specific value of load. In this section, we want to show how ASWP behaves when flows are placed into the network
dynamically, according to the path found by ASWP. We use the proposed algorithm to route an entire sequence of
flow requests, and compare the performance generated over the same sequence of requests.

We choose five s-d pairs in the network, and generate fixed rate flow requests of 4 Kb/s. The requests come in at a
rate of 0.32 flows per second, and are assigned uniformly to one of the five s-d pairs. If a flow is admitted, it will last
a duration that is uniformly distributed between 400 and 2800 seconds. Thus on average the demand of the network
is 0.32 ×       2      × 4 = 2048 Kb/s, i.e., 2 Mb/s. We route the flows with SP and ASWP with k = 1, 2 and 4. Some
flows are admitted and installed accordingly, the others are rejected because the paths are not wide enough. Note
that as the flows are installed, the network is utilized differently, since ASWP may find paths that are longer than
the shortest paths.

The five s-d pairs are chosen randomly with distance consideration. Specifically, in the first column of Table 2, the
five s-d pairs are randomly chosen from all the s-d pairs that are 2 hops distant. Similarly for the second and third

rows, the s-d pairs are chosen with 4 hops and 7 hops distances respectively. In the last row, the distances between
the s-d pairs are mixed, with 2, 3, 5, 6, and 7 hops each.

We run the simulation over 10,000 flow requests so as to compare the admission ratio in long run. Table 2 presents the

                                distance       2 hops     4 hops    7 hops     mixed
                                SP             99.4       47.9      31.8       66.5
                                ASWP           100        54.8      44.1       71.4
                                ASWP           100        54.8      43.4       71.0
                                ASWP           100        54.7      43.9       70.9

Table 2: Admission ratio of SP and ASWP with different k in the dynamic simulations. The five s-d pairs are randomly
chosen with distance consideration.

results: the ASWP algorithm consistently admits more flow requests than using shortest paths. The improvement
varies for different s-d pair sets, and is up to 12.3% for the 7-hops pairs. Indeed, the improvements are more significant
when fewer flows can be admitted into the network – a feature that augurs well for utilizing these algorithms in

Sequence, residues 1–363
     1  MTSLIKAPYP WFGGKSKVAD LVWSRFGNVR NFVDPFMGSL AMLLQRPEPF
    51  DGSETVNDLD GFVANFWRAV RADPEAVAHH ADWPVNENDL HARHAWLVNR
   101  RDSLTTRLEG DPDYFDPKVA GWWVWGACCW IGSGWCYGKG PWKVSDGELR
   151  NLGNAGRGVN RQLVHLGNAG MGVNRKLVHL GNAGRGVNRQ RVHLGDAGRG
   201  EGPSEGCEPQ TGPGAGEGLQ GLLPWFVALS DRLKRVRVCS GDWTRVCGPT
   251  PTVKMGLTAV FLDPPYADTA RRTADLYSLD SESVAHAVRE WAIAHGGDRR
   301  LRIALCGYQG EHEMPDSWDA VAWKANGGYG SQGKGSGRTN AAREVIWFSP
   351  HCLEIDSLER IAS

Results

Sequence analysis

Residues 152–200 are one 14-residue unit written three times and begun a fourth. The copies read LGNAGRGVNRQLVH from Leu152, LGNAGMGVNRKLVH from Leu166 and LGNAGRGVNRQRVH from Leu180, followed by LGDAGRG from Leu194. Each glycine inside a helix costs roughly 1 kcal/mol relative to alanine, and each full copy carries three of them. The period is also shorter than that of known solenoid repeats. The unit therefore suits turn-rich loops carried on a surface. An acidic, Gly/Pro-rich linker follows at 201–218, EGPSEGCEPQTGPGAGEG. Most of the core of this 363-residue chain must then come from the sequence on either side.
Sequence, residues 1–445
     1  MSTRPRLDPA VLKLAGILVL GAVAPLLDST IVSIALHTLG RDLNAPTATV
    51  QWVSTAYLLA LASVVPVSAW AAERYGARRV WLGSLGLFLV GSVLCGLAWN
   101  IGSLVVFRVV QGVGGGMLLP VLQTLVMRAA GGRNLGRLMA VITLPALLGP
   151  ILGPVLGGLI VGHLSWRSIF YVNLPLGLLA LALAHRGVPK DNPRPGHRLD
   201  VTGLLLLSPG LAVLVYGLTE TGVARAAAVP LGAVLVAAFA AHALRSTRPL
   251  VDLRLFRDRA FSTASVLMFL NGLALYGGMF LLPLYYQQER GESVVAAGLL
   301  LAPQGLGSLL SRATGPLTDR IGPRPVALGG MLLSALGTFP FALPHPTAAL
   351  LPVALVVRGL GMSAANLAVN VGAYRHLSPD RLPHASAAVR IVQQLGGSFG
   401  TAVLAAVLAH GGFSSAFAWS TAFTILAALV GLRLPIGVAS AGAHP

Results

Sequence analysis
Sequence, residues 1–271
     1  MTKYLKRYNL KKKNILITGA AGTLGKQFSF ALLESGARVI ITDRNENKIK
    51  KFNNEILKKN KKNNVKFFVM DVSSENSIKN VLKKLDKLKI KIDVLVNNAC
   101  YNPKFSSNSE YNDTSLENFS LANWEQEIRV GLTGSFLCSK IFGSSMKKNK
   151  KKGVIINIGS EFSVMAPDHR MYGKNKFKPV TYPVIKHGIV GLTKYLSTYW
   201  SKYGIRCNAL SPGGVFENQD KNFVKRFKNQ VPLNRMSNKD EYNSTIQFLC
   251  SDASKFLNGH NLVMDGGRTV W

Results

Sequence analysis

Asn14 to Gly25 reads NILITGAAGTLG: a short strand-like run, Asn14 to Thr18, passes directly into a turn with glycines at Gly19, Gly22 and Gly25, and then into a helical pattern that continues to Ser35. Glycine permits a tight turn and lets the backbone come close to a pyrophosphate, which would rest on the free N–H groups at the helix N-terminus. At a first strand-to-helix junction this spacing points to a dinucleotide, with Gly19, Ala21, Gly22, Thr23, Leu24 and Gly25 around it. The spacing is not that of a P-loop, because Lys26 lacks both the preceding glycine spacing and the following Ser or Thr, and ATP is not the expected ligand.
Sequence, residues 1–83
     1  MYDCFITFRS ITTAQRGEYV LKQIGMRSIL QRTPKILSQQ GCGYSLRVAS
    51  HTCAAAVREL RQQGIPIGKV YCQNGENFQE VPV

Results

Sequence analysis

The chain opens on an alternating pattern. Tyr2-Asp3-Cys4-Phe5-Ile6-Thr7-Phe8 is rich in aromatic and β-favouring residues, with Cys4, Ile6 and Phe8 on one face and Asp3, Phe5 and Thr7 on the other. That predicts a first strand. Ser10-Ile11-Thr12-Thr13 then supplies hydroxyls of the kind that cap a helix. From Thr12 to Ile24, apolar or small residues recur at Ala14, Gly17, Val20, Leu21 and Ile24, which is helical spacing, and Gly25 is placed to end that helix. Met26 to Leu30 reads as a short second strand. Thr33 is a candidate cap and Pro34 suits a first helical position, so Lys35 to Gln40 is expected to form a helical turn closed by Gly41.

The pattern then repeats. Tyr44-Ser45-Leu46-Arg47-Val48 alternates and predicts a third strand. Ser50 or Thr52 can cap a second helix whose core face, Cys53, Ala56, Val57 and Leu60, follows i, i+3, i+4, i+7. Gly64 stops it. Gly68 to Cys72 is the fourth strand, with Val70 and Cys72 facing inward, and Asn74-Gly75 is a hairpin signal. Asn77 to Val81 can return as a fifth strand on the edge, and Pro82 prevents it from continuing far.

congested scenarios. The results demonstrate that ASWP is good at finding paths for flow requests between fixed
s-d pairs.

We also observe that ASWP with k = 2 and 4 are not necessarily better than ASWP(k = 1) in the long run. As
listed in Table 2, ASWP(k = 4) admits 0.5% less flows than ASWP(k = 1) in the mixed column, while ASWP(k = 2)
admits 0.7% less flows than ASWP(k = 1) in the 7-hops case. The implication is that pursuing the widest paths
may not gain in the long run. If the chosen paths are too long, they consume more network resources, and affect
future requests. In short, it is beneficial to find wider paths than the shortest, but we must be cautious to employ
the extremely long paths.

6     Conclusion

We study the problem of computing bandwidth guaranteed paths for given flow requests in an ad-hoc network. The
problem is complicated because neighboring links share the medium. We use a conflict graph model to describe
the interference. Applying the CG-based model, we construct the clique constraint as the feasibility condition of
flows with bandwidth requirements. We then present the Ad-Hoc Shortest Widest Path (ASWP) problem as the
mathematical abstraction that we want to solve.

We propose a distributed algorithm to solve the ASWP problem. Adopting the Bellman-Ford architecture and the
k-shortest-path approach, the proposed algorithm is able to achieve a performance close to the optimum possible.
Simulations evaluate the performance of the proposed algorithm, over various values of k.

The simulations offer another curious insight by looking at the dynamic behavior in the long term. It suggests
that choosing wider paths is certainly better in a myopic sense, but may not be the optimal strategy for long-term
performance. A small k value may provide the best tradeoff by computing less optimal but shorter paths.